Multiple Dexcom component failures

My Dexcom G6 experience
I was seeing, what I consider to be, high glucose readings on my Dexcom G6. Reading was over 300mg/dl. This was very unusual for me and I did not use my meter to check the results. I bolused a large correction at dinner time as my reading was 264mg/dl on my G6. After dinner the readings were still high, but in the low 100s. Later that evening/early morning, the G6 receiver indicated loss of signal; and continued to show the signal loss for several hours. After three hours, I replaced the transmitter without replacing the sensor as it only had a few days on it, waited 20 minutes. At this point there was no obvious way to pair the new transmitter. So, on the receiver, I pushed Stop Sensor and the display came up ‘NEW SENSOR’. I pushed the New Sensor button. I keyed in the old sensor code when prompted. Then on the transmitter menu on the receiver I was able to pair the new transmitter to the old sensor. Once done, I put in the new transmitter serial number when prompted. Pressed start sensor button and sensor went into 2 hour warm up. After the warm up and breakfast the next morning, he receiver indicated 269mg/dl and the meter indicated 143mg/dl.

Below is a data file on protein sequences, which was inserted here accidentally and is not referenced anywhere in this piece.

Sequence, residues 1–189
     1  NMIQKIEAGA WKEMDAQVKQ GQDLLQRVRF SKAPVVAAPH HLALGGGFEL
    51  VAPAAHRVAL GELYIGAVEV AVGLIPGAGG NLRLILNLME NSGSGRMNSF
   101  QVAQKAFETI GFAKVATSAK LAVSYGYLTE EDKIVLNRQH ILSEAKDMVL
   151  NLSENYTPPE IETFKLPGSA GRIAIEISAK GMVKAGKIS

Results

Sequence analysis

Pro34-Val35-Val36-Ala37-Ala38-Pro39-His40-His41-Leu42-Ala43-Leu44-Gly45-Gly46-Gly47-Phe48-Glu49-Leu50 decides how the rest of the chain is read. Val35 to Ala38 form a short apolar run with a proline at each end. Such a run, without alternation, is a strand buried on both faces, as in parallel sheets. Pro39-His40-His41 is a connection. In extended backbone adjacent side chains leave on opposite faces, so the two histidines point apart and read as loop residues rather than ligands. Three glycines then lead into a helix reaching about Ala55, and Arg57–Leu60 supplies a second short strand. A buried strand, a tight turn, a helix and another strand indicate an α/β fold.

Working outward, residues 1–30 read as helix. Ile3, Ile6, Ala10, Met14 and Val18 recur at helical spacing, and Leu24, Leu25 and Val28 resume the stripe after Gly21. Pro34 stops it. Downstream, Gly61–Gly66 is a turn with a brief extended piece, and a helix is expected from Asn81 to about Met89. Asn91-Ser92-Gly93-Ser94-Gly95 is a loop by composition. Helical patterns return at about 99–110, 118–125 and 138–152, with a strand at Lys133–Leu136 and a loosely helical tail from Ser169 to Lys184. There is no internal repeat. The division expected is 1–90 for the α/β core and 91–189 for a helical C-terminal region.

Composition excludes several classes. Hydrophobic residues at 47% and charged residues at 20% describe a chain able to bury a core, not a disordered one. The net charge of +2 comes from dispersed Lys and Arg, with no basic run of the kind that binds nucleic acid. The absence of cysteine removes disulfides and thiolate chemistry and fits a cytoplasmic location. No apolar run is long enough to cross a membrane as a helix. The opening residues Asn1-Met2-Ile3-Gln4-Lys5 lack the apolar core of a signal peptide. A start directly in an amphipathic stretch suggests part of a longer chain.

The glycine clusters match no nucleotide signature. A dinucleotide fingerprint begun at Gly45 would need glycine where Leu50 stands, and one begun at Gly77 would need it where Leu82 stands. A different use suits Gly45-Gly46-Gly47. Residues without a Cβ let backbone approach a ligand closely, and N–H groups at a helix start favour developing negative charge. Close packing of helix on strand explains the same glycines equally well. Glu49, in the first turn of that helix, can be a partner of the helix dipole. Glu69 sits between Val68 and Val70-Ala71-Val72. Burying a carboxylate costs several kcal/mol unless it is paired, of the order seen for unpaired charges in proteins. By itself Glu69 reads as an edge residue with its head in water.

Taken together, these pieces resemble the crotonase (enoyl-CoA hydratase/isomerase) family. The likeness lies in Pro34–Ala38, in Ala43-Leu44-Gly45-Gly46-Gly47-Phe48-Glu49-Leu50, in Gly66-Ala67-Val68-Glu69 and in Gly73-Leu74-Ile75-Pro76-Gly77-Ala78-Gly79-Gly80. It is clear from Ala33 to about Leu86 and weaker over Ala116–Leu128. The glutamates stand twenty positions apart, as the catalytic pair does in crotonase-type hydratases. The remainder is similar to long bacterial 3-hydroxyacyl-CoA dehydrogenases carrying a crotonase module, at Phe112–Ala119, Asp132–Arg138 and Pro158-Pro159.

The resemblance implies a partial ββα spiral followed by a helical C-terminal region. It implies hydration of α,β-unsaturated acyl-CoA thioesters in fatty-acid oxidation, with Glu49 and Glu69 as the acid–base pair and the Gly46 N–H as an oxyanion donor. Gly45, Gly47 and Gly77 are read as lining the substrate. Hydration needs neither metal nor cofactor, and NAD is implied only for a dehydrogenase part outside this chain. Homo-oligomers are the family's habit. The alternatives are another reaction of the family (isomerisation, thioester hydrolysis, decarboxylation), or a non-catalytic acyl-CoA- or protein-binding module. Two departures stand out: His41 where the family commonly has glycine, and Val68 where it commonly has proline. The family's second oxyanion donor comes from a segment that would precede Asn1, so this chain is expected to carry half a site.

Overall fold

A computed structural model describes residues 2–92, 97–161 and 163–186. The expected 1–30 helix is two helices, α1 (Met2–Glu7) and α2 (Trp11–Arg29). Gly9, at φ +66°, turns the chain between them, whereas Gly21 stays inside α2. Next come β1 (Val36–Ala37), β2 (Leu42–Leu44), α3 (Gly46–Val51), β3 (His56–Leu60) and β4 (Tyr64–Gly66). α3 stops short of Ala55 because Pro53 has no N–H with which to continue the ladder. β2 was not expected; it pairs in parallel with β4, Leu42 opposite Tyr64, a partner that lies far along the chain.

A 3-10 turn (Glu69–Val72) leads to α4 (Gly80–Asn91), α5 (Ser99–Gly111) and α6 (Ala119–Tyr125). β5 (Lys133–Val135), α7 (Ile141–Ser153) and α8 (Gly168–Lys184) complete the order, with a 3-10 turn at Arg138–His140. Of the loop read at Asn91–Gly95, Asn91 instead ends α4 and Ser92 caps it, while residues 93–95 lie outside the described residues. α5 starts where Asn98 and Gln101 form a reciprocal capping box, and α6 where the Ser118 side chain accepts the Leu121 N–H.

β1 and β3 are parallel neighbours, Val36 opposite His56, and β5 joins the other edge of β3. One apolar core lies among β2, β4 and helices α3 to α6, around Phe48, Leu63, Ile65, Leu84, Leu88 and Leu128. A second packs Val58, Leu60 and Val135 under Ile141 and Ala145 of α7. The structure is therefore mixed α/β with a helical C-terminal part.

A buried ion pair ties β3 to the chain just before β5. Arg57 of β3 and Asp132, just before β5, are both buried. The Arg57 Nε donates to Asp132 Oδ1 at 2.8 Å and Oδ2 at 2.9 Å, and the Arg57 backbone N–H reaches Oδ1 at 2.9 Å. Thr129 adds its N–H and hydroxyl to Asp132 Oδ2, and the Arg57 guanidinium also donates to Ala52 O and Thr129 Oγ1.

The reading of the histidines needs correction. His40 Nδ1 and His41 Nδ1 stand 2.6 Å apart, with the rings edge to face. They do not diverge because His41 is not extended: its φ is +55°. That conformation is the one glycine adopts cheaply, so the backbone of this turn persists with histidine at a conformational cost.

The transmitter never gave a failure notification; it just could not communicate with the receiver and continued to display “loss of signal” for multiple hours. If it could not communicate to the receiver, no matter what the sensor reading was, my logic was to replace the transmitter. Once this was done as described above, the sensor came back but was reading 224mg/dl and multiple meter readings (2 different meters) were 122, 125, 122 mg/dl. At this point, I replaced the sensor.
Now the new sensor has finished warm up. It has a new transmitter and everything is communicating. The readings are what is expected (around 130mg/dl).
What did I do wrong? It was a terrible night with little to no sleep. Other than going back to finger sticks, there seems to be no way to have any confidence in the G6 readings. My lessons learned are the following;

  1. Never trust your Dexcom completely. Trust but verify.
  2. You need to have spares for all the Dexcom parts.
    Your thoughts and comments would be appreciated.
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It is highly unlikely that a transmitter was off. I would have replaced the sensor first.

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I always replace transmitter at the same time I need to replace a sensor. Transmitter will not end early, it will finish an in progress sensor session.